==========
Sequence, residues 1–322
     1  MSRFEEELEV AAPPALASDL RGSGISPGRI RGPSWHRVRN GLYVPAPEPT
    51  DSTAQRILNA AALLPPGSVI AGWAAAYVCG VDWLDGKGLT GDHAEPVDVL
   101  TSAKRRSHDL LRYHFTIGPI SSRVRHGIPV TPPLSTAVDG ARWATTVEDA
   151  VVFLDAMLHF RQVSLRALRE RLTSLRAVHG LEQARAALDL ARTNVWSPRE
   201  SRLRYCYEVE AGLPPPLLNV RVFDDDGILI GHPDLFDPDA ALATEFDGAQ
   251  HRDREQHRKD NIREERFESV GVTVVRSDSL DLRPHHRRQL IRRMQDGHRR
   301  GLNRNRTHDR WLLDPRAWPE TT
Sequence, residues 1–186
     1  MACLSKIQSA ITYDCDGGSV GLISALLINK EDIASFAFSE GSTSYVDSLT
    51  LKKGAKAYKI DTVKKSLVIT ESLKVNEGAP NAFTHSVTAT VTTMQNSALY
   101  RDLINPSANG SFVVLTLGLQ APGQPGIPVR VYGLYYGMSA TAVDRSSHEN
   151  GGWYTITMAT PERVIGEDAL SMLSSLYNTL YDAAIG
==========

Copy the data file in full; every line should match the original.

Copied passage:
Sequence, residues 1–322
     1  MSRFEEELEV AAPPALASDL RGSGISPGRI RGPSWHRVRN GLYVPAPEPT
    51  DSTAQRILNA AALLPPGSVI AGWAAAYVCG VDWLDGKGLT GDHAEPVDVL
   101  TSAKRRSHDL LRYHFTIGPI SSRVRHGIPV TPPLSTAVDG ARWATTVEDA
   151  VVFLDAMLHF RQVSLRALRE RLTSLRAVHG LEQARAALDL ARTNVWSPRE
   201  SRLRYCYEVE AGLPPPLLNV RVFDDDGILI GHPDLFDPDA ALATEFDGAQ
   251  HRDREQHRKD NIREERFESV GVTVVRSDSL DLRPHHRRQL IRRMQDGHRR
   301  GLNRNRTHDR WLLDPRAWPE TT
Sequence, residues 1–186
     1  MACLSKIQSA ITYDCDGGSV GLISALLINK EDIASFAFSE GSTSYVDSLT
    51  LKKGAKAYKI DTVKKSLVIT ESLKVNEGAP NAFTHSVTAT VTTMQNSALY
   101  RDLINPSANG SFVVLTLGLQ APGQPGIPVR VYGLYYGMSA TAVDRSSHEN
   151  GGWYTITMAT PERVIGEDAL SMLSSLYNTL YDAAIG